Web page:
Laboratory investigations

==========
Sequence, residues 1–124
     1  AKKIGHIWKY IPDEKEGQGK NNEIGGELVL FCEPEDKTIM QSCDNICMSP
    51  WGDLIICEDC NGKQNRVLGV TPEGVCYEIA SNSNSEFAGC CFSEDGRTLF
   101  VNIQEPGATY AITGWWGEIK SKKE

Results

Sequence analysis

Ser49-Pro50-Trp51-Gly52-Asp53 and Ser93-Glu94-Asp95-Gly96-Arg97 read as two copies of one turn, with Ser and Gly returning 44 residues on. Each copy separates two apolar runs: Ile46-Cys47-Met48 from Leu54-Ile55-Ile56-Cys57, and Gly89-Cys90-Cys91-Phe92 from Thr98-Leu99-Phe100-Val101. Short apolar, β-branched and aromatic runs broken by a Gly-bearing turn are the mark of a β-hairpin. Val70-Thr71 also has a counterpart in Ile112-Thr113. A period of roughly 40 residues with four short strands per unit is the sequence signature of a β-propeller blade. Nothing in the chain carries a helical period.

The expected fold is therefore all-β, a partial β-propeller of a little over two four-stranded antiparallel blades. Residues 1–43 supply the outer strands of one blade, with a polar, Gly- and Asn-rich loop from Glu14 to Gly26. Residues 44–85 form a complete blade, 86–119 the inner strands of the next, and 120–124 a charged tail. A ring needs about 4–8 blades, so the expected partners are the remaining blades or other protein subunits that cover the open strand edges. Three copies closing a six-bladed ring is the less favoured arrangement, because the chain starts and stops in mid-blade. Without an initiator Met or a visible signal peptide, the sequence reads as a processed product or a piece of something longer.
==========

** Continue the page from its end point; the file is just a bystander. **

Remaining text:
Owing to tight budgetary constraints it is sometimes argued that routine laboratory investigations, such as full blood count and chest radiography, are unnecessary for younger adults. Whether or not this is true, with older patients such tests are strongly advised because the treatment of comorbid physical illness improves mental disorder. Furthermore, a treatable or arrestable cause of dementia may be found. For patients with dementia the following are recommended: full blood count; serum electrolytes and creatinine; liver and thyroid function tests; syphilis serology; vitamin B 12 and red cell folate; chest radiography.(4) Medical and nursing staff should also have a low threshold for sending urine for microbiological examination (see superimposed.deiirium below). The vexed question of neuroimaging, an expensive procedure, is much discussed and the debate is not easily summarized or resolved. Most space-occupying lesions can be detected, as can many vascular changes. However, there is nothing pathognomonic for Alzheimer's disease on CT, magnetic resonance imaging, or single-photon emission tomography. In Alzheimer's disease, scans may support the diagnosis but not establish it. The indications for neuroimaging in dementia and other old age psychiatry conditions are discussed by Jacoby.(5)

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